Rosalie Blanza is a single mom who works tirelessly to support her son, Yiel and her aging parents. Her products, including the pearl heart bracelet and the lava bead bracelet, are some of our best sellers at

Mercedes Marantal (Mercy) is new to Elevita! She has six children, three of them still at home. Together they work to make products of abaca fibers. The work enables them to provide for their everyday necessities, and in the busy holiday season they are even able to help their unemployed neighbor women by hiring them to help finish orders on time. One of Mercy's gift bags will be featured in our February subscription box!

We love all our Elevita artisans and are so grateful for the opportunity we have to learn from their hard work and optimism! Visit to learn more.

Thursday, August 24, 2017

Collaboration with The Batik Boutique in Malaysia

The Batik Boutique was created to disrupt the cycle of poverty in Malaysia, and recently we collaborated with this award-winning social enterprise to bring some of their fabulous products to our subscription box customers. Here is a post from that explains the art of batik:

Batik is an ancient art that has been practiced for 2,000 years in southeast Asia. This complex dyeing process creates beautiful, intricate designs that are unique to the region they come from or tell a story. The process uses dye-resistant wax to create elaborate patterns and designs, and the wax is then washed to reveal the batik pattern or the process is repeated to create multiple colors. 
The first step in batik making is to stretch a piece of cotton or silk onto a frame and paint (“cat”) or stamp (“cop”) a design on the fabric using a mixture of beeswax and resin.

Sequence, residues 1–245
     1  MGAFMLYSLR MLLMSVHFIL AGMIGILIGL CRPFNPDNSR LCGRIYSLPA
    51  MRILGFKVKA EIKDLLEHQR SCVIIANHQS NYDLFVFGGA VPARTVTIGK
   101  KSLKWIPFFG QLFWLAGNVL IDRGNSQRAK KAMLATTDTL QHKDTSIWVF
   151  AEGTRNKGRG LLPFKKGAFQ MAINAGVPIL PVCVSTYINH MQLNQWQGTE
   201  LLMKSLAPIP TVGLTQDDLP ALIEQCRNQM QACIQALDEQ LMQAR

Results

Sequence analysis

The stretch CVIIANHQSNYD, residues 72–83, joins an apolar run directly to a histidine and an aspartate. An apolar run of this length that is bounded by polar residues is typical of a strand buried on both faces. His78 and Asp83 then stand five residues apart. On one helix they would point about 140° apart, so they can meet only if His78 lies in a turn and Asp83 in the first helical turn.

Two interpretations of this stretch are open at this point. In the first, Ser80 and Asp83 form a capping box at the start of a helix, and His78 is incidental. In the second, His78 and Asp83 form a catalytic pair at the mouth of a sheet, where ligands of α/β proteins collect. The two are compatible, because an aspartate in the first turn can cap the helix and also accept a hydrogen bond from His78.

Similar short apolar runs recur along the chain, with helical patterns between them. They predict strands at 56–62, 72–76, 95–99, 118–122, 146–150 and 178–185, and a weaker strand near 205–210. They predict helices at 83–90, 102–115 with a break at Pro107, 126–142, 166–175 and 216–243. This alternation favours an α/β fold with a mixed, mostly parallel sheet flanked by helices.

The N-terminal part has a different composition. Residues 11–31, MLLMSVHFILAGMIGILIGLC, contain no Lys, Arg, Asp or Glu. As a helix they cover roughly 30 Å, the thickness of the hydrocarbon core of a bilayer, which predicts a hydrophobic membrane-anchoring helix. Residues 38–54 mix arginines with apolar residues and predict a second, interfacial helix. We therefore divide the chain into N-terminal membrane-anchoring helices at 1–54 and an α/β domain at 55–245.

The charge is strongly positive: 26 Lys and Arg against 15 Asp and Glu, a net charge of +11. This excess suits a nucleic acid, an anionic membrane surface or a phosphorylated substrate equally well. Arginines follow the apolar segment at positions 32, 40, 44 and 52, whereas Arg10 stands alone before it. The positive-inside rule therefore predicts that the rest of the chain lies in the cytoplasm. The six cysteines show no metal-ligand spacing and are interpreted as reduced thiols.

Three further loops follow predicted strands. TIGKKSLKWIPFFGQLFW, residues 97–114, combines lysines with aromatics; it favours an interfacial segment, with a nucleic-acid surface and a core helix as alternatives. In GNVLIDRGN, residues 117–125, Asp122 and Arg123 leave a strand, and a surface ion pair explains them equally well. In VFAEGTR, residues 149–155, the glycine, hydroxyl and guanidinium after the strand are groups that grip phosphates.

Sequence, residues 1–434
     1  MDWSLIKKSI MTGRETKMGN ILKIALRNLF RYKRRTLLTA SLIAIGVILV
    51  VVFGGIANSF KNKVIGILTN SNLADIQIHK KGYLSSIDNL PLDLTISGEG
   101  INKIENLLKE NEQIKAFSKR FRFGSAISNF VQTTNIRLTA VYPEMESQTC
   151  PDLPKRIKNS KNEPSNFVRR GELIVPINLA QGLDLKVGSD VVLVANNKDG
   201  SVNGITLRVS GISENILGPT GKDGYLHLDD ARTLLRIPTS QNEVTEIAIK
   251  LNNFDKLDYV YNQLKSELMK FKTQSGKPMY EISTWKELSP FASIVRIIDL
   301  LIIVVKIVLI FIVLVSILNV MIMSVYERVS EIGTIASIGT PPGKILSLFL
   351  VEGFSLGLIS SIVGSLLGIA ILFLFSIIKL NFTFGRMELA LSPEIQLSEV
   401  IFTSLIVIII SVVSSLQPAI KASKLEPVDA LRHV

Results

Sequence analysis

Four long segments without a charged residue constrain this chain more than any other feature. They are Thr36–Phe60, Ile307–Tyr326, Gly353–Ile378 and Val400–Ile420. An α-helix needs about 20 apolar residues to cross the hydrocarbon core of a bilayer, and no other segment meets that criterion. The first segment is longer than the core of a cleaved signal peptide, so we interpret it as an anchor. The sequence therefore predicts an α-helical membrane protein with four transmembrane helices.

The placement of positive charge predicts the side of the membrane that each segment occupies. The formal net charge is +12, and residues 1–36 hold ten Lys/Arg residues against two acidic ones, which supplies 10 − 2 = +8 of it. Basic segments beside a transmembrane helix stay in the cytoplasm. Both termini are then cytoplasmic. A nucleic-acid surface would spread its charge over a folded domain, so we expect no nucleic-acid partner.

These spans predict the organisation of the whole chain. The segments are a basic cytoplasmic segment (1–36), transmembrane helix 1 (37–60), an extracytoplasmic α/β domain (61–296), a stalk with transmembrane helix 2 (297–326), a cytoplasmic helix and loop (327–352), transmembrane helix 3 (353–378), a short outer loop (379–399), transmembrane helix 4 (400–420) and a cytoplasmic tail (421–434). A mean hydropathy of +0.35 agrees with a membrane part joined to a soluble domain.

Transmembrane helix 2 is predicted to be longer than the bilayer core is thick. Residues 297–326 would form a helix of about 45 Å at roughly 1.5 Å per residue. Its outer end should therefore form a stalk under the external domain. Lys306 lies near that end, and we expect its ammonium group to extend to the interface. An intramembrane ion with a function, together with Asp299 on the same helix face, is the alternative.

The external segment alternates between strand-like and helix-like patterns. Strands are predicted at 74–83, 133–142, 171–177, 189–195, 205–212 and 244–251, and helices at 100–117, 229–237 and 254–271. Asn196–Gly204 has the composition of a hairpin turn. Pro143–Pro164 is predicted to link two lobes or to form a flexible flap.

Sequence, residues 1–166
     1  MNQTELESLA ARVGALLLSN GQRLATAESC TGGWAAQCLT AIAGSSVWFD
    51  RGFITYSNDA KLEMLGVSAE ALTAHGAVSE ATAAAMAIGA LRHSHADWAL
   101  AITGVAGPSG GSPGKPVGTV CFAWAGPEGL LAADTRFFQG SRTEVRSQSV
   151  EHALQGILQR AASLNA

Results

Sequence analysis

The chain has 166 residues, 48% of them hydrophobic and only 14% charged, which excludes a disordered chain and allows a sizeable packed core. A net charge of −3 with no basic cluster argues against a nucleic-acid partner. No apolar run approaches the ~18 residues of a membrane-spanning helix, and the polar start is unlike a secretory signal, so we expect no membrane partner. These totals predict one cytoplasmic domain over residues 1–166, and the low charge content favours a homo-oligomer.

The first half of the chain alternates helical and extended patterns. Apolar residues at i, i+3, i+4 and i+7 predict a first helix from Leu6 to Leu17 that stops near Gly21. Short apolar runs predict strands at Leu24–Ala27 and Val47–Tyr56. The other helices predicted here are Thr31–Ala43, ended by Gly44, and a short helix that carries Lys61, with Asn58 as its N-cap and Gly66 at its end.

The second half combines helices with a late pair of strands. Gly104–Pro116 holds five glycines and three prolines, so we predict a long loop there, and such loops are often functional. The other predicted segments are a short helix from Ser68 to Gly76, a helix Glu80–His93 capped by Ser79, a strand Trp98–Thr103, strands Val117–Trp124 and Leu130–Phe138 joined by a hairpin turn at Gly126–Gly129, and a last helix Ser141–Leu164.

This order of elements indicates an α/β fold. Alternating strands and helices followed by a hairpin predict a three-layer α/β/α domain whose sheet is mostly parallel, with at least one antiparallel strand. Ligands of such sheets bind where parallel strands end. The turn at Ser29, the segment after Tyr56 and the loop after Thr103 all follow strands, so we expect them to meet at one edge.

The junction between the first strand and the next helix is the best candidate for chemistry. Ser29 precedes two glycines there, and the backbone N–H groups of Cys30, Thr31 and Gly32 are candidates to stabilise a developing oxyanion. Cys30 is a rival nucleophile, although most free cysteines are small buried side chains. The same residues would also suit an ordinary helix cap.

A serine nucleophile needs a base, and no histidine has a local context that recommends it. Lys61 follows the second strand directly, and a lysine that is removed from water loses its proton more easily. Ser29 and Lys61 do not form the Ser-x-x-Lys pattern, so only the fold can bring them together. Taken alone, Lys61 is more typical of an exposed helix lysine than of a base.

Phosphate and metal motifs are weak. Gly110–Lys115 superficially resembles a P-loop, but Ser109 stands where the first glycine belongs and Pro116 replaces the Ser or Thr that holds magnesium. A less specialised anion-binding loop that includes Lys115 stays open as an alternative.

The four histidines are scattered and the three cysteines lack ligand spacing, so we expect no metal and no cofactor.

Each stamp is hand-made, and batik artisans create repeating patterns with a single stamp. 
Painting designs are done using a canting, a pen-like instrument that draws the hot wax onto the fabric. The tip of the canting is usually made of copper in order for the wax to flow smoothly onto the cloth and be placed exactly where the artisan draws, and the holder is wood so that the heat is only conducted into the wax instead of the artisan's hand.   
Next, the dye is painted onto the fabric between the intricate wax pattern. After the dye dries, these first two steps can be repeated to produce multiple layers of design and color.
The dye is set by soaking the fabric in a fixative.  Finally, the fabric is boiled to remove the wax and reveal the original fabric color along with the new layers of design. You can tell a piece is truly batik when the colors and the design are on both sides of the fabric, whereas screen printing would be one-sided. 
The Batik Boutique works with family businesses and batik artisans in Malaysia to supply our fabrics, and all of our batik fashion products use these hand-dyed textiles. 

Saturday, May 13, 2017

World Fair Trade Day

When addressing global poverty, we at Elevita are dedicated to creating sustainable solutions rather than temporary humanitarian relief. This is why we have created an online platform to bridge the gap between hardworking artisans and worldwide customers. Purchasing products from Elevita allows these artisans to maintain their businesses, which will in turn provoke self-sufficiency in their communities. Why give a handout when you can give a handshake?